Reviewed by Sara Brayshaw, MS, RN, Jerry A. Nick, MD

How is Cystic Fibrosis Treated?

Although there is not yet a cure for cystic fibrosis, significant advances in the treatment of cystic fibrosis have occurred. With new therapies, there has been a remarkable increase in the expected survival of people with cystic fibrosis. Early discoveries of the ability of pancreatic enzyme replacement to permit digestion of proteins and fats allowed people with CF survive childhood. These were followed by advances in techniques and medications to clear the airways of mucus, as well as inhaled antibiotics. More recently, agents which partially restore CFTR function have become available for people with specific CFTR mutations, including those with two copies of the F508del mutation.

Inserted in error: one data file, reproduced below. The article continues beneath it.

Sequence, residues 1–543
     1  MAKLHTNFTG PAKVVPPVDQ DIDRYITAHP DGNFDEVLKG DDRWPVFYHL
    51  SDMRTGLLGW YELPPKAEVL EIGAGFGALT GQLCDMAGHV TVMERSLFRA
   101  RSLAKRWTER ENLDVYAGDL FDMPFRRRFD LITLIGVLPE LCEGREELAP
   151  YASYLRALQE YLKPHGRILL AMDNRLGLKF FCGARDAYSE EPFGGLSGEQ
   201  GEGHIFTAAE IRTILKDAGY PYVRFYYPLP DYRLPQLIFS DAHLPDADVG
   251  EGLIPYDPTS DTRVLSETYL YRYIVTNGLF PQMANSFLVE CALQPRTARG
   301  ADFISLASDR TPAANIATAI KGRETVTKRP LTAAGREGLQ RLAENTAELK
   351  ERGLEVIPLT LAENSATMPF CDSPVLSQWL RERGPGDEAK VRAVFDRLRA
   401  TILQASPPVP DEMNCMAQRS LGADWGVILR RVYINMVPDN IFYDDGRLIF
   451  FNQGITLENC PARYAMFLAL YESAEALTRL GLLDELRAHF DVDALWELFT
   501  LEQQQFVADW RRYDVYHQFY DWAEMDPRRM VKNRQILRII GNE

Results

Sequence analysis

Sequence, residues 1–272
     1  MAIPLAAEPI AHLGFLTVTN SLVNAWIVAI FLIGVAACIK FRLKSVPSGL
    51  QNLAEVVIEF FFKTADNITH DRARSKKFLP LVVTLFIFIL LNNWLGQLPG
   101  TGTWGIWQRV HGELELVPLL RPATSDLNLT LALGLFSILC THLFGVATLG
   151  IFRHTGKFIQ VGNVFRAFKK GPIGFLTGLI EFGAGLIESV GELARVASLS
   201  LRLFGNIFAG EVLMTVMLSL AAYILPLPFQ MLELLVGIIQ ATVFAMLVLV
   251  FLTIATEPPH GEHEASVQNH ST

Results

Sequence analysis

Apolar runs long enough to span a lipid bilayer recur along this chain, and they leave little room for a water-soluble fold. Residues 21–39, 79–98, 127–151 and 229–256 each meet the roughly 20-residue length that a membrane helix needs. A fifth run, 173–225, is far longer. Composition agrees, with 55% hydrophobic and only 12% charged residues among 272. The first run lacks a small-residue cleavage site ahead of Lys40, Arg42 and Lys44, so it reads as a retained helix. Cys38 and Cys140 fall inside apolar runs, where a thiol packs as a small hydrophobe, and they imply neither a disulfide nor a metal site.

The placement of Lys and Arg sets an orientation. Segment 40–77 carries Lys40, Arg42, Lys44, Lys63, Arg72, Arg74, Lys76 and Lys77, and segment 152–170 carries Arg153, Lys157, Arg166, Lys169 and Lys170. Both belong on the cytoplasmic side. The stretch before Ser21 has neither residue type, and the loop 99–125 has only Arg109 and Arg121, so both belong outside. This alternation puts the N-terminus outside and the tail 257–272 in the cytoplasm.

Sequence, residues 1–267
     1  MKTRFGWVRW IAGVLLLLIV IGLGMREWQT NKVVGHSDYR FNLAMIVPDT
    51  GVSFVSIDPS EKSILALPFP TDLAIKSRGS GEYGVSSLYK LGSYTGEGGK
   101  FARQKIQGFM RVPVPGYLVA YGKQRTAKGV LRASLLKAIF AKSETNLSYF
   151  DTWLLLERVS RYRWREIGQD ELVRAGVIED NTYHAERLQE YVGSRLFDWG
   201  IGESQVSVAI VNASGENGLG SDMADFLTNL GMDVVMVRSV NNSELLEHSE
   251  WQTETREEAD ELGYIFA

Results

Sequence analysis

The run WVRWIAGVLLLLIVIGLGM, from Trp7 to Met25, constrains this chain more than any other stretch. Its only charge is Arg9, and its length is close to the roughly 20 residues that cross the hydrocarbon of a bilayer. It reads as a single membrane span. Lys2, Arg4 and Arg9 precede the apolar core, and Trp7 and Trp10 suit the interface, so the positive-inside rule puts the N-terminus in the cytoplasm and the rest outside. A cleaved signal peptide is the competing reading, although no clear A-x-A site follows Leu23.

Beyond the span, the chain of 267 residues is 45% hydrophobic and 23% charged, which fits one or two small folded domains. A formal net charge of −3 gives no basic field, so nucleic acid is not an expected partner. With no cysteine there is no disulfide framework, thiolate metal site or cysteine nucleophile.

A complete list of approved CF medication and those under development is available.

Together, these advances in treatment, combined with the model of care provided by the CF Foundation-sponsored Care Center Network, have propelled median projected survival to about 40 years. Accredited Cystic Fibrosis Care Centers can be identified through their website.

In addition to sponsoring CF Care Centers and much of the research and new drug development, the CF Foundation has also assembled experts to form treatment guideline for all aspects of CF care, which have helped to standardize medical treatment for CF across the US and worldwide.


Clinical Trials

Impact of Combination Therapy on Cystic Fibrosis (TEACH Study)

The purpose of this study is to determine how two medications, azithromycin and inhaled tobramycin, work when taken together to treat cystic fibrosis (CF) patients with chronic pseudomonas aeruginosa (PA) lung infections.

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